Action: Think about how you are planning to manage and improve remote working opportunities in your team or organisation.

  • Remote consultations: Digital transformation has developed rapidly across the NHS, with around 550,000 video consultations taking place in primary and secondary care, and 2.3 million online consultation submissions to primary care in June. Video consultations are now used widely, including in community and mental health services, and in ambulance services. This has enabled staff across primary, community and secondary care to work differently, with some choosing to work fully or partly from home.

Action: Think about how sustainable remote consultations are for you, and what you could do better.

  • Updated flexible working guidelines: NHS Employers has published a standard set of guidelines for managers around flexible working including what flexible working is and is not; responding to flexible working requests; advertising roles to promote flexible working patterns; and what to consider in leading a flexible workforce.

Action: Think about how you can better support and educate your managers around handling flexible working requests, during COVID and beyond.

  • Enabling Staff Movement: Our people move around the NHS regularly for career development and to deliver care where it is needed most. The Enabling Staff Movement programme within NHS England and NHS Improvement is working on ways to enable this movement to happen swiftly, smoothly and safely.  The programme has published an Enabling Staff Movement Toolkit to help NHS organisations and local/regional systems to share staff safely. The programme is also developing digital staff passports to support the safe movement of our people. The first step in this journey is the development of the COVID-19 Digital Staff Passport, which is currently live and being piloted. More information can be found on our website. If you would like to get involved e-mail us on nhsi.digitalstaffpassport@nhs.net.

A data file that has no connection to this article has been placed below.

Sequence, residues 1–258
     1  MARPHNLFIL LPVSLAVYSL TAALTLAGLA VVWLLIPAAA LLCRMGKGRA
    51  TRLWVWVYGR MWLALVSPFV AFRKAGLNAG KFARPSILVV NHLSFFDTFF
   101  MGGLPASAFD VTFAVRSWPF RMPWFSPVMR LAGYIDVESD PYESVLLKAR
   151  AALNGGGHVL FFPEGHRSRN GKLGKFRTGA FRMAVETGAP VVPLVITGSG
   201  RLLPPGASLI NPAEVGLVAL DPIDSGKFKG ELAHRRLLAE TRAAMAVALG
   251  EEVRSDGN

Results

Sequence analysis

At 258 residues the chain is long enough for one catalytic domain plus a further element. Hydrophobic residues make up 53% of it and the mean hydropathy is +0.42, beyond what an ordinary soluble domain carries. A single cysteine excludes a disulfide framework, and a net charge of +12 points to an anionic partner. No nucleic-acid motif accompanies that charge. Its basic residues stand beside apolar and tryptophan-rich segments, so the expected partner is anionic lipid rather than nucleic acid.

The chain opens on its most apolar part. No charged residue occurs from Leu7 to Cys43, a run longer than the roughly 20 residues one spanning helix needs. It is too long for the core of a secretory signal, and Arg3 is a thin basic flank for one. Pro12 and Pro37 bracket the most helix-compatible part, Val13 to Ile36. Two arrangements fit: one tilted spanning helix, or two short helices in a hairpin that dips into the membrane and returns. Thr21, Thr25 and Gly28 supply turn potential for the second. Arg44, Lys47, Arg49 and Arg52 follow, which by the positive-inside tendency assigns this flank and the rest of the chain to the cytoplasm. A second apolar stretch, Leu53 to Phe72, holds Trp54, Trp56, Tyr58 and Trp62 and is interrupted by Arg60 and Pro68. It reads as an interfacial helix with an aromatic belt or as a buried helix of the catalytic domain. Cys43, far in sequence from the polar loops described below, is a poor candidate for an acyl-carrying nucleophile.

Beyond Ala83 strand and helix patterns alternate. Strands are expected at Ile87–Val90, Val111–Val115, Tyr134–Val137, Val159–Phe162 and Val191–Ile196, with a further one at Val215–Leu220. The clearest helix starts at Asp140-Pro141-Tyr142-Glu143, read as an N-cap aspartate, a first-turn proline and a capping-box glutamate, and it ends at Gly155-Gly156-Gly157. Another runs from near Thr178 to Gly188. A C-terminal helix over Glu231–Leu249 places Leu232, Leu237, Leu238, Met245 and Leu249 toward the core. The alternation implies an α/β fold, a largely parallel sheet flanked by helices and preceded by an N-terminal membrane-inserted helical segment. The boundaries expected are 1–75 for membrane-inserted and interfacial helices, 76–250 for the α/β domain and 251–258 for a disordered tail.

Action: ensure you have a workforce sharing agreement or memorandum of understanding that is in line with guidance in the toolkit and consider getting involved in the NHS COVID19 Digital Staff Passport.

Help us to help you

Do you have a success story or resource to share? Please contact us and let us know so we can make it available for everyone.

Further Reading